And so then you can push cultural change if they think that’s what has to happen to move forward. You know the South had to change. The Mubarak regime, Egypt, had to change. But a lot of people, Syria has to change, but think about it now, there are a lot of groups in Syria for whom change will be cultural changes as well as political change. So they’re holding on very strongly, to be expected. So, you got to make that argument to them. But then you got to accept that there’s a group of people who are going to lose equities in the near term. And you have to — you kind of have to power through that. It’s not going to — most cultural change is not entirely voluntary on groups of people’s parts. As you know.

Thanks, Rachel.

Audience: General McChrystal, thank you so much for your 5service to this country and for being here today. My name is Coleen Mizuki and I’m a member of a nascent institute looking at innovative ways to help our veterans after their deployment to a combat zone. And very, I think importantly, I also volunteer to work with soldiers and family members in the reintegration process. So, you talked about leadership not being complex but not very hard, and I think that for me what underlines everything you’ve talked about in, say, counterinsurgency approach in Afghanistan, is mindset change. So I wonder if you have some words of wisdom that I can pass on to soldiers that I work with and helping them understand that after very difficult experiences in combat, how do I — how can they accept that mindset change is possible? That it’s not complex, but it’s also not very easy. Thank you.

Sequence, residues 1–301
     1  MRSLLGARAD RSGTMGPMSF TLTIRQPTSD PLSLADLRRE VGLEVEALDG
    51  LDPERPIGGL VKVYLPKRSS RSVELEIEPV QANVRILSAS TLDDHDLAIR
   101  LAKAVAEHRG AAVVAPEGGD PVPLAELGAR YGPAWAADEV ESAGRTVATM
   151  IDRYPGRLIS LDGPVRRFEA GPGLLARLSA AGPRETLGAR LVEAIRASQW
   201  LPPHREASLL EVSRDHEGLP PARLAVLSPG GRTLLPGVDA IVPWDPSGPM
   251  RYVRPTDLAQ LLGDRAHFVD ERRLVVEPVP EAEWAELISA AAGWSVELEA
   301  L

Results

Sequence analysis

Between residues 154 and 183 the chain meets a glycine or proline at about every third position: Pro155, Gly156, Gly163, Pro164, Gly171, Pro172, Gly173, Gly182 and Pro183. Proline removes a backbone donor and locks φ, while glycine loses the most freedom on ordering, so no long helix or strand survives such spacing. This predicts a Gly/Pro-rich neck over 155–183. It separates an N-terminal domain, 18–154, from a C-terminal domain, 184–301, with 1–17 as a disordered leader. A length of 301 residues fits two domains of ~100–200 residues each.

Stanley McChrystal: That’s a great point. Thanks for what you’re doing. Yeah, mindset is extraordinarily important. What you do, why you did it, and what you did is important. And if you think about veterans, sometimes they don’t have a problem going. But when we ask someone to go into the military and go to war, what have we really asked them? You say, well, we’ve asked you to take a job, and do whatever. No, we’ve really asked them to believe. We’ve said, we’re asking you to push the I believe button in your nation, in your leadership, and the fact will take care of you. And it’s a huge leap of faith for a young person to go in the military and go forward to combat, because the nation says hey, we love you. They bought into that. They believed.